Rich iPresence

By Deborah Vrabel

Could Rich iPresence help you in becoming a thought leader in your sphere? In advocating effectively for an organization or cause you embrace? In simply telling a coherent, meaningful story of what matters to you professionally? Join me and find out.

The Web offers today’s writers, scholars, experts, and storytellers an unprecedented opportunity to be “present” as society’s problems are discussed and new ideas, trends, or models emerge and take shape. Those who can make their views stand out in this democratic but kaleidoscopic marketplace of ideas have a distinct advantage.

Think Pond will interrogate, examine, and critique this social media “revolution” from different angles and present the alternative–Rich iPresence.

I’ll share some observations about the theories and issues surrounding this concept of iPresence. I’ll comment on books and articles that raise new questions or shed light on our dialogue. I’ll try to engage Think Pond members and others in conversations. To be coherent, I’ll develop a position paper examining those issues that builds on my 1993 Master’s project, which explored the potential impact of what was then the brand new Web on the control and ownership of mass media.

Stemming from my own quest to integrate my “digital opus” and help some fledgling groups with theirs, this evolving white paper will offer some reflections, provide practical tools and ideas,and finally propose integrated strategies for using websites, choosing suitable social media avenues, and using other online media to create a coherent, meaningful, and useful online presence.

My Failed Attempts

Here is my ineffective pattern of using social media to advance my professional endeavors: 1) Try each new tool as it becomes available or is recommended to me and 2) spend inadequate time thinking about its usefulness for my purposes and learning to use it properly. The result? Lost opportunities, insubstantial traces of my ideas and writing scattered widely and serving no purpose.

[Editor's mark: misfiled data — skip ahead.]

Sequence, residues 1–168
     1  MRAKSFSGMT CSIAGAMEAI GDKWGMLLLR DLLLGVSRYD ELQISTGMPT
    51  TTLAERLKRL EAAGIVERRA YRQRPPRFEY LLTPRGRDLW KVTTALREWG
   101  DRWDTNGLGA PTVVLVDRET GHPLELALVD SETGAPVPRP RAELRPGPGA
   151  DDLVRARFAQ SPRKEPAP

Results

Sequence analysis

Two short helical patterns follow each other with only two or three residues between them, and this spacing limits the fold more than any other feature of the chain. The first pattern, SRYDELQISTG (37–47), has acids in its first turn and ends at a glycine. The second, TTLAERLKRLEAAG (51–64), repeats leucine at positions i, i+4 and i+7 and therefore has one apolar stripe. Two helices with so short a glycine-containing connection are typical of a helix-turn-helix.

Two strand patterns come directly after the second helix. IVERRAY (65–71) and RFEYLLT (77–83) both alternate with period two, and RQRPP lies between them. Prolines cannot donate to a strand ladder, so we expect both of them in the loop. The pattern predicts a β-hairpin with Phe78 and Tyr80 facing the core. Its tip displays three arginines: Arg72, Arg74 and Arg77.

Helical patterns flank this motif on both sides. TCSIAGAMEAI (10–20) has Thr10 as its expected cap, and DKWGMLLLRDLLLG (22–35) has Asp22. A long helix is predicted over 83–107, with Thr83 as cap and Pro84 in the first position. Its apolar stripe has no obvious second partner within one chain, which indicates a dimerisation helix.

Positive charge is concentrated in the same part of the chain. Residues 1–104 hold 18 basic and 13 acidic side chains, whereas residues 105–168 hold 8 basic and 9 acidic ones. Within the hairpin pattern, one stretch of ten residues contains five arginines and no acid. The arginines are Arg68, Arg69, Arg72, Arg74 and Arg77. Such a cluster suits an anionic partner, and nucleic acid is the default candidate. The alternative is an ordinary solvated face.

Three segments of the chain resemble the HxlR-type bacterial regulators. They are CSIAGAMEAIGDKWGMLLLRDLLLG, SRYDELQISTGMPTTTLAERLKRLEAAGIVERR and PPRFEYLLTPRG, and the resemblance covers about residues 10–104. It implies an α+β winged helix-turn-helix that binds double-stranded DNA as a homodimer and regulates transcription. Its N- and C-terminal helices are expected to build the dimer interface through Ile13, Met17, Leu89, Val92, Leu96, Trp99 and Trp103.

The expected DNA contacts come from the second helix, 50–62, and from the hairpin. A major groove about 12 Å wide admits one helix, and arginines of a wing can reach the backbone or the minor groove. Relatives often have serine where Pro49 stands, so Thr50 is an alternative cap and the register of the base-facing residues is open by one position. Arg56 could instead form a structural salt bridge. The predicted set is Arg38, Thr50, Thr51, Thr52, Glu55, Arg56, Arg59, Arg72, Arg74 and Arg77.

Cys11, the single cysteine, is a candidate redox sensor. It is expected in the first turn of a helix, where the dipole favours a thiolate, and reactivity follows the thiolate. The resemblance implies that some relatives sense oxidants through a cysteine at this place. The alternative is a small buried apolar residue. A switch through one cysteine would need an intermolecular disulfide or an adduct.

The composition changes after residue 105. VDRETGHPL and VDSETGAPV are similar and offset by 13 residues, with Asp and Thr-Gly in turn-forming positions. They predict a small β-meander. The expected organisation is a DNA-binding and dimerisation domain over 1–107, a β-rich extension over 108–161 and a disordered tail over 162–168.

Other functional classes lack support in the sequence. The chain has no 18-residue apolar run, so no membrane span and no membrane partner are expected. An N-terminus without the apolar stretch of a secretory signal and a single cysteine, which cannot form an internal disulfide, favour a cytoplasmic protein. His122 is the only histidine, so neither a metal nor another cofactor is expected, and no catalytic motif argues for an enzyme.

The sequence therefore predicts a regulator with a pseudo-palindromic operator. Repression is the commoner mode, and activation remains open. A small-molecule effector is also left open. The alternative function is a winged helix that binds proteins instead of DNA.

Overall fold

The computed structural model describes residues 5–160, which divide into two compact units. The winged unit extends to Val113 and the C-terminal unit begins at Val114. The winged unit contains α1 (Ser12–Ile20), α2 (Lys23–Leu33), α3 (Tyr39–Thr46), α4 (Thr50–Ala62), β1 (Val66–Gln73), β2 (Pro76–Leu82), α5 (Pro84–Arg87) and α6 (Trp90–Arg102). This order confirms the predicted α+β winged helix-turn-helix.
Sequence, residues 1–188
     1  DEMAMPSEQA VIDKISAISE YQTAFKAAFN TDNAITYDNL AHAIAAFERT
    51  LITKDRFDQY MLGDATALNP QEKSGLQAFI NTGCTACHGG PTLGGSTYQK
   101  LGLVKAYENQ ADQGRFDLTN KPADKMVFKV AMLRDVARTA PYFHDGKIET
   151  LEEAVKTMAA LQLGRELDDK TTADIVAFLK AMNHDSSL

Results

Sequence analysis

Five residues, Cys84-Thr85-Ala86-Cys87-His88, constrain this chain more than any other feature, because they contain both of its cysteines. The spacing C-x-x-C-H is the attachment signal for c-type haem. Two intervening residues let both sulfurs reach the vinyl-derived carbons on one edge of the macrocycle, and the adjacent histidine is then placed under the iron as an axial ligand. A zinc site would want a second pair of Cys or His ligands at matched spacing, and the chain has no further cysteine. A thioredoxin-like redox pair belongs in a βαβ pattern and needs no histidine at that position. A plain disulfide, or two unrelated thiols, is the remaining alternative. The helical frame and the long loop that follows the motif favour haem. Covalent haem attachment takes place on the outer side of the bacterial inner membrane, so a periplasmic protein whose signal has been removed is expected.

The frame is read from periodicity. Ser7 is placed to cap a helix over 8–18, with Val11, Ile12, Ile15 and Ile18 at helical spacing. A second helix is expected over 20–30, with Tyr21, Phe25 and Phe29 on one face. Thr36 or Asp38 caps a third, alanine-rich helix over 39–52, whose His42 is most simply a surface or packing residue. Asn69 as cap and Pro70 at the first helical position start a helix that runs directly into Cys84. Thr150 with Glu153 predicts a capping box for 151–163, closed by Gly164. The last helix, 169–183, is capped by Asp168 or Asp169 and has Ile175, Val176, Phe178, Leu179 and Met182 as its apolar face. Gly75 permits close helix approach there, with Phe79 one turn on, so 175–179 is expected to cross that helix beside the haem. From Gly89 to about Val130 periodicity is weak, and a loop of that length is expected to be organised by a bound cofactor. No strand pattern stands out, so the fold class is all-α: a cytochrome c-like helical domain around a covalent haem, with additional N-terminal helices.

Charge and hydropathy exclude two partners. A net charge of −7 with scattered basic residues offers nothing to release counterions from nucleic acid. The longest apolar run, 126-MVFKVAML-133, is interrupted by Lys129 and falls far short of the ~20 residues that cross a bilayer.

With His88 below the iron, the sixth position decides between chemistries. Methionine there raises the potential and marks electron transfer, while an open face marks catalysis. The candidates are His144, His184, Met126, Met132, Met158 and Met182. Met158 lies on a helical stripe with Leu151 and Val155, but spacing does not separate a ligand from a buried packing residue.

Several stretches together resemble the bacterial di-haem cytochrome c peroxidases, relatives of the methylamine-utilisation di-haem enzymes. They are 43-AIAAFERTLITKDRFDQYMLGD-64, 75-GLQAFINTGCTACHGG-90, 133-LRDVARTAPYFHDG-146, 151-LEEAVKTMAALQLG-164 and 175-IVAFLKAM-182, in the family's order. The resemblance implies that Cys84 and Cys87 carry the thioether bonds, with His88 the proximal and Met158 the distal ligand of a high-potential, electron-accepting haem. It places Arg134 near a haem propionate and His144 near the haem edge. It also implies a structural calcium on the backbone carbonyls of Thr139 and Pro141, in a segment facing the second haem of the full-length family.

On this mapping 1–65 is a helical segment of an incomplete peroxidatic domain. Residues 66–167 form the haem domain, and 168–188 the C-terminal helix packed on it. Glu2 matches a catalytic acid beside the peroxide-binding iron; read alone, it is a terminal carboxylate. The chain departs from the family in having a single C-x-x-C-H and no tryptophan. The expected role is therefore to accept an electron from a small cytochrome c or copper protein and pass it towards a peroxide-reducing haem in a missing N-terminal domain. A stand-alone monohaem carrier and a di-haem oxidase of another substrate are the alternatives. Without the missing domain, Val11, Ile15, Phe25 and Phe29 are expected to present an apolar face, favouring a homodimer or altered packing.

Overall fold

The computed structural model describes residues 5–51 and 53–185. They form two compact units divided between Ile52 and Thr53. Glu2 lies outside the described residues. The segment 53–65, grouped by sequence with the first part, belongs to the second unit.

Exploring the Term “iPresence”

How does putting the adjective “online” or the lowercase “i” in front of the noun “presence” change the meaning? What is carried over from our past use of the word—and what connotations do I want to keep and discard?

I think “presence” has three distinct connotations. I’m going to explore them as a way to “deconstruct” the term “iPresence.” (Apologies to Derrida if I’ve used this term incorrectly.)

How does putting the adjective “online” or the lowercase “i” in front of the noun “presence” change the meaning? What is carried over from our past use of the word—and what connotations do I want to keep and discard?

I think “presence” has three distinct connotations. I’m going to explore them as a way to “deconstruct” the term “iPresence.” (Apologies to Derrida if I’ve used this term incorrectly.)

A Woody Allen quote captures the most literal meaning of presence: “80% of life is showing up.” The teacher calls your name and you raise your hand and say “Present!” Whatever your academic preparedness or intentions to participate, you have cleared the first hurdle. You are there. Sometimes that simple kind of presence—being there with no distinction, no defined role, nothing unique to say or do—is all that is needed or required. You show up—you smile and congratulate and stand among the wedding guests in one solid block of love and support for a couple starting their journey together. Even if your mind is a million miles away and your mood is anything but festive, you have helped make this memory for them.

Second, presence has come to mean “attentiveness” or “mindfulness.” When we are present to someone, we are more than present physically. We also listen carefully and notice even the tiniest things. We are invested. We are “in the moment.” We “witness and wait” as Walt Whitman said. We are present when we are doing what we are supposed to be doing.

A similar kind of presence, also called “presence of mind,” speaks to the ability to think quickly and respond appropriately and competently when something unexpected happens—whether a threatening situation, an awkward moment, or a good opportunity. I think Leo Tolstoy’s Three Questions (which are embedded in the Think Pond concept) show the thinking of someone with this type of presence:

  • When is the best time to do each thing? (Answer: The most important time is now. The present is the only time over which we have power.)
  • Who are the most important people to work with? (Answer: The most important person is whoever you are with.)
  • What is the most important thing to do at all times? (Answer: The most important thing is to do good to the person you are with.)